Dropping a class better than getting an F

July 7, 2014 Latest Print Print

The summer semester is almost halfway over. This means students who may be struggling need to decide if it may be best to drop a class.

OCCC Registrar Alan Stringfellow said students have until 11:59 p.m. on Friday, July 11, to decide if they want to withdraw from any classes.

“They do not get a refund,” he said.

Stringfellow said students who withdraw from a course will receive a W on their transcript instead of a grade. The W indicates the class was not completed.

“A W will show up on their transcript at the point in which grades are posted,” he said. “Until then, an NR symbol is out there for grade not recorded.”

The registration office will be open until 5 p.m July 11. After that time, Stringfellow said, students will need to use MineOnline to withdraw. That option will be available until 11:59 p.m., he said.

Stringfellow said many factors go into making a decision about withdrawing from a course.

Stringfellow said each situation is different for each student.

“ … It really depends upon what’s happening in the student’s life,” he said. “Are they working,are they not? Are they a full-time student, are they not? How will [the professor] work with them?

“In the event that [students] have outstanding course work, some [professors] may allow them to turn it in late, some of them may not, which would obviously impact their grade.”

Stringfellow said students receiving financial aid should be aware of what will happen to them should they drop, but also said students should not put themselves in a compromising position.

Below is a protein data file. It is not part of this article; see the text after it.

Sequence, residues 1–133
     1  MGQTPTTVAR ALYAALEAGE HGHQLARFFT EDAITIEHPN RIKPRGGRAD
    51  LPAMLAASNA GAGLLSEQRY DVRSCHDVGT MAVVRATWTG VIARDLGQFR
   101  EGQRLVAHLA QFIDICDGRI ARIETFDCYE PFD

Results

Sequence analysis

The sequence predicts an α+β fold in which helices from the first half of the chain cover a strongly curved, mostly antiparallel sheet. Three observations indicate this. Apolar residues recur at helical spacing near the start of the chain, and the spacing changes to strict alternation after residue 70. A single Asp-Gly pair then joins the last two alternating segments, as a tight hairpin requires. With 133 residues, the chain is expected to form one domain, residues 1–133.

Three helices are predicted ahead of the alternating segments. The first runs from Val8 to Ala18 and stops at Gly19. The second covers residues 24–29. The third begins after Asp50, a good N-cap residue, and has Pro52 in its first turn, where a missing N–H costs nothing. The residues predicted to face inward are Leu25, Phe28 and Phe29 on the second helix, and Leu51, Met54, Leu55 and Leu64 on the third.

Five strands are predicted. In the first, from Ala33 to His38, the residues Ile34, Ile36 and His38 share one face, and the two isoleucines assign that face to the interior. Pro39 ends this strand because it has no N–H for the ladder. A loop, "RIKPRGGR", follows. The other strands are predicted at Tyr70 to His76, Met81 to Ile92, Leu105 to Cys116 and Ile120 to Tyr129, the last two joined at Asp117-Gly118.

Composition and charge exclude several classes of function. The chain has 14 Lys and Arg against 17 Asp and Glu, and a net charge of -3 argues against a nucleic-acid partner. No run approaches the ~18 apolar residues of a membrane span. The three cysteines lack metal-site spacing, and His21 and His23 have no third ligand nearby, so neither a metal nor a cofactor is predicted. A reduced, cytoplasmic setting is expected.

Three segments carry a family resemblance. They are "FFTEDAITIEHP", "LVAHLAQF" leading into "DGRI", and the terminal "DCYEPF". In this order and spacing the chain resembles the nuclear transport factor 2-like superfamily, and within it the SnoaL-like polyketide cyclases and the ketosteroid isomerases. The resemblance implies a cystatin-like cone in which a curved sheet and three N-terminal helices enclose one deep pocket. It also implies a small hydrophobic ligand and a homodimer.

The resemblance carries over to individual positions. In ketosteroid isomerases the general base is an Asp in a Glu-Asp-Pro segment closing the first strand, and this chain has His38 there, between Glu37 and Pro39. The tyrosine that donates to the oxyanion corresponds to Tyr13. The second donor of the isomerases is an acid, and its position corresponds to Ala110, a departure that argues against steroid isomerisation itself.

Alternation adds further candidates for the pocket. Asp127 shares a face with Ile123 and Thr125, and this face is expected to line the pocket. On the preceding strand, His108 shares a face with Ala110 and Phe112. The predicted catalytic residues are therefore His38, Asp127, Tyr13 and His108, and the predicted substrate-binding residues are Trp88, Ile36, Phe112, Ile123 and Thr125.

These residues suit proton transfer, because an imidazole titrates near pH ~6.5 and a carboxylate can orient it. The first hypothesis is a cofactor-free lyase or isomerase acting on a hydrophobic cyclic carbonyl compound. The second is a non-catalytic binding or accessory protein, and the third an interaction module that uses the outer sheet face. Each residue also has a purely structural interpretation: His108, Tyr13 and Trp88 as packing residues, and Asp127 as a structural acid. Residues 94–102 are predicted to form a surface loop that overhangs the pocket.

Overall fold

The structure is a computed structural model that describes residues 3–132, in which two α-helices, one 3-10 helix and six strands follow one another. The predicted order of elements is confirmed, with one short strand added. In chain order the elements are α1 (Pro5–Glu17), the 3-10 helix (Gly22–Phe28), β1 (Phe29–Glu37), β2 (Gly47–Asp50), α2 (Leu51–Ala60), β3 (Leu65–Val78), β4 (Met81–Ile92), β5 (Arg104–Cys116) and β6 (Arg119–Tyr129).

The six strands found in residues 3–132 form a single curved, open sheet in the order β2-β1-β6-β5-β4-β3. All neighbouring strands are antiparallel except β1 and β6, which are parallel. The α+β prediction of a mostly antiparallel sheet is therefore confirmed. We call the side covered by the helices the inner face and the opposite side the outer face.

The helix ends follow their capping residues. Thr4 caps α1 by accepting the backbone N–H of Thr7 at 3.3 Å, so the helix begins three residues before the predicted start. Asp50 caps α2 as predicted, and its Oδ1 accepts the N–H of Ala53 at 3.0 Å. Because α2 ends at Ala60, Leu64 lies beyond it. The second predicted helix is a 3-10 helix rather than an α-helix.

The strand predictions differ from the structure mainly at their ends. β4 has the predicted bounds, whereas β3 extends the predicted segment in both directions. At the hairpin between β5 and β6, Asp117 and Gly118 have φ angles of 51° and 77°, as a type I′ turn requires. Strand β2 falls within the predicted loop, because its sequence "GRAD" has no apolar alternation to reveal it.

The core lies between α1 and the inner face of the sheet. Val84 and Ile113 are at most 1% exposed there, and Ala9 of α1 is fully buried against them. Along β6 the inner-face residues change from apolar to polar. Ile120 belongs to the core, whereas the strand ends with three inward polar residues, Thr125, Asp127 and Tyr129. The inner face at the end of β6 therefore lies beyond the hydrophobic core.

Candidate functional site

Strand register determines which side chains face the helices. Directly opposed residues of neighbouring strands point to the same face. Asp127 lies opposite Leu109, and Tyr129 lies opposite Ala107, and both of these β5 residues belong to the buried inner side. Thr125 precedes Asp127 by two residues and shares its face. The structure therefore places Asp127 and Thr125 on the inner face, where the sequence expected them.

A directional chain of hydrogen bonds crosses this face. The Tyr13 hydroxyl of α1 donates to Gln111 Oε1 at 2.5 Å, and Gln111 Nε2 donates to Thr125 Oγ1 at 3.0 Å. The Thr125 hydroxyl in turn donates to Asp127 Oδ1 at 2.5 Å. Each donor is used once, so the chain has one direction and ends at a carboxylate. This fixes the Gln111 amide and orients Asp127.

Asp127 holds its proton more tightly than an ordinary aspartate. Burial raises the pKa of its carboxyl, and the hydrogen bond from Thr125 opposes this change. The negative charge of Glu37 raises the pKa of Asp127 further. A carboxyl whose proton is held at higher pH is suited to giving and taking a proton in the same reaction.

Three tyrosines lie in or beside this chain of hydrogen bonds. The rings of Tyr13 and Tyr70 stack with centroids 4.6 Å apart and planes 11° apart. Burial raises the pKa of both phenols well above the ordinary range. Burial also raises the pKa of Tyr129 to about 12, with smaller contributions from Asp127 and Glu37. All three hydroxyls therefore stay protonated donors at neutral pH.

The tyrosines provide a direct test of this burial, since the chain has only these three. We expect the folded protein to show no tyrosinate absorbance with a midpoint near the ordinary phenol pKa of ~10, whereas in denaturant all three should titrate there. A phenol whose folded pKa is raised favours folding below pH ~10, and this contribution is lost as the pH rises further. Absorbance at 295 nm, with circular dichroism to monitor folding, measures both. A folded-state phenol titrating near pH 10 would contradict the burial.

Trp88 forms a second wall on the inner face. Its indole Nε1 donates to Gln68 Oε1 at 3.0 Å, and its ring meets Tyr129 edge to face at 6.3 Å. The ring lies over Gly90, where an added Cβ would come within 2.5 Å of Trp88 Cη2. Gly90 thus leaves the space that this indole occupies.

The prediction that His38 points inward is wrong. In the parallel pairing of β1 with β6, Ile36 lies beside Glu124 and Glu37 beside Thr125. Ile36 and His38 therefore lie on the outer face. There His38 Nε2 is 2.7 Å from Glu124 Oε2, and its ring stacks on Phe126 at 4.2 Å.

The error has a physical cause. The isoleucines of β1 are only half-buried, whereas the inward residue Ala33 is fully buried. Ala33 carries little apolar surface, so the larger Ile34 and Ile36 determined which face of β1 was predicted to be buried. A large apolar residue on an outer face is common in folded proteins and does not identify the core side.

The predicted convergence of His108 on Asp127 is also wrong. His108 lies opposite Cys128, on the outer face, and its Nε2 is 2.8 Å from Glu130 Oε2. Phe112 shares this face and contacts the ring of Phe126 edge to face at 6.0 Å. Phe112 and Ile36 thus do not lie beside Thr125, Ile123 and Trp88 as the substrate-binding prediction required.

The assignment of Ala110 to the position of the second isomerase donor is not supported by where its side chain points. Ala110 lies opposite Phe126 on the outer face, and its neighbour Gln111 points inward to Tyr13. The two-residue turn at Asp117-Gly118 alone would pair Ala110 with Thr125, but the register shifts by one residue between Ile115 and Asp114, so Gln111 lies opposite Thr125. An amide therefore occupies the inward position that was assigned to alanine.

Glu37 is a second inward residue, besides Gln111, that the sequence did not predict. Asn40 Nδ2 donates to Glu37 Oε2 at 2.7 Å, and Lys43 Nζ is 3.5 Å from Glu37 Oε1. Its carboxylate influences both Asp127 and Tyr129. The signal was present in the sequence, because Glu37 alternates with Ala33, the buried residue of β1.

“I cannot think of a situation where a grade of F would be better than a W,” he said.

“Even if you look at it from a financial aid perspective, they’re both going to negatively impact… so I wouldn’t want a student to put themselves in a position where they are placed on probation or suspension.

“Go ahead and withdraw from the class.”

Stringfellow said students in that positiion should meet with a financial aid adviser.

He said students with questions and concerns also can meet with an academic adviser, but are not required to do so to withdraw from a class.

“If they have questions on how this might impact them in terms of successfully graduating, how is this going to put their graduation off, will this negatively affect them in terms of transferring to another institution — if those type of questions arise as a result of withdrawing … they may want to speak with an adviser prior to that.”

Stringfellow said the time for students to act is now.

He said any delay in withdrawing from a class could result in damaging a student’s academic success.

“If they know for a fact that they are not going to be able to complete the class, I would go ahead and take care of it now. Do it as soon as possible.

“There’s no need to wait until [July 11] if you know you’re going to withdraw or not get the grade that you want.”

For more information about withdrawing from a course, contact the office of Records and Graduation Services at 405-682-7860.

Students also can contact Stringfellow at astringfellow@occc.edu, or login to MineOnline at https://datatelwa.occc.edu/WebAdvisor.

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